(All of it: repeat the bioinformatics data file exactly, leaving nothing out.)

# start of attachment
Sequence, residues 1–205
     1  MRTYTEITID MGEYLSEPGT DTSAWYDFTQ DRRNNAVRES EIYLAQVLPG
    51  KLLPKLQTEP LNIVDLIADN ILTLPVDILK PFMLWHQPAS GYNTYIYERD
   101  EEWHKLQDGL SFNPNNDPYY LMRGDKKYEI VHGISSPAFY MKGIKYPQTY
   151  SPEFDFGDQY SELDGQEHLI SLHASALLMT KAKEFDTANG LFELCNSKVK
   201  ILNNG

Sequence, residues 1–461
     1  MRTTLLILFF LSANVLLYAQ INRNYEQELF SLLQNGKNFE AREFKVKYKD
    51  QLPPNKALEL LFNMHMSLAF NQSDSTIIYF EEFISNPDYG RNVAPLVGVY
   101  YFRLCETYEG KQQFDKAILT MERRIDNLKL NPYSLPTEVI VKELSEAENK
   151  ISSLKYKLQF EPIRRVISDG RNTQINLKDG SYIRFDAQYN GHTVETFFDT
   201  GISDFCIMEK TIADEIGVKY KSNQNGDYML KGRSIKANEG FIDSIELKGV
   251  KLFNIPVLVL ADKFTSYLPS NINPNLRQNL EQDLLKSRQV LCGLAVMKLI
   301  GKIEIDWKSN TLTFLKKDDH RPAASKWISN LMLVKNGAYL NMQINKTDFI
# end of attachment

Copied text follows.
Sequence, residues 1–205
     1  MRTYTEITID MGEYLSEPGT DTSAWYDFTQ DRRNNAVRES EIYLAQVLPG
    51  KLLPKLQTEP LNIVDLIADN ILTLPVDILK PFMLWHQPAS GYNTYIYERD
   101  EEWHKLQDGL SFNPNNDPYY LMRGDKKYEI VHGISSPAFY MKGIKYPQTY
   151  SPEFDFGDQY SELDGQEHLI SLHASALLMT KAKEFDTANG LFELCNSKVK
   201  ILNNG

Sequence, residues 1–461
     1  MRTTLLILFF LSANVLLYAQ INRNYEQELF SLLQNGKNFE AREFKVKYKD
    51  QLPPNKALEL LFNMHMSLAF NQSDSTIIYF EEFISNPDYG RNVAPLVGVY
   101  YFRLCETYEG KQQFDKAILT MERRIDNLKL NPYSLPTEVI VKELSEAENK
   151  ISSLKYKLQF EPIRRVISDG RNTQINLKDG SYIRFDAQYN GHTVETFFDT
   201  GISDFCIMEK TIADEIGVKY KSNQNGDYML KGRSIKANEG FIDSIELKGV
   251  KLFNIPVLVL ADKFTSYLPS NINPNLRQNL EQDLLKSRQV LCGLAVMKLI
   301  GKIEIDWKSN TLTFLKKDDH RPAASKWISN LMLVKNGAYL NMQINKTDFI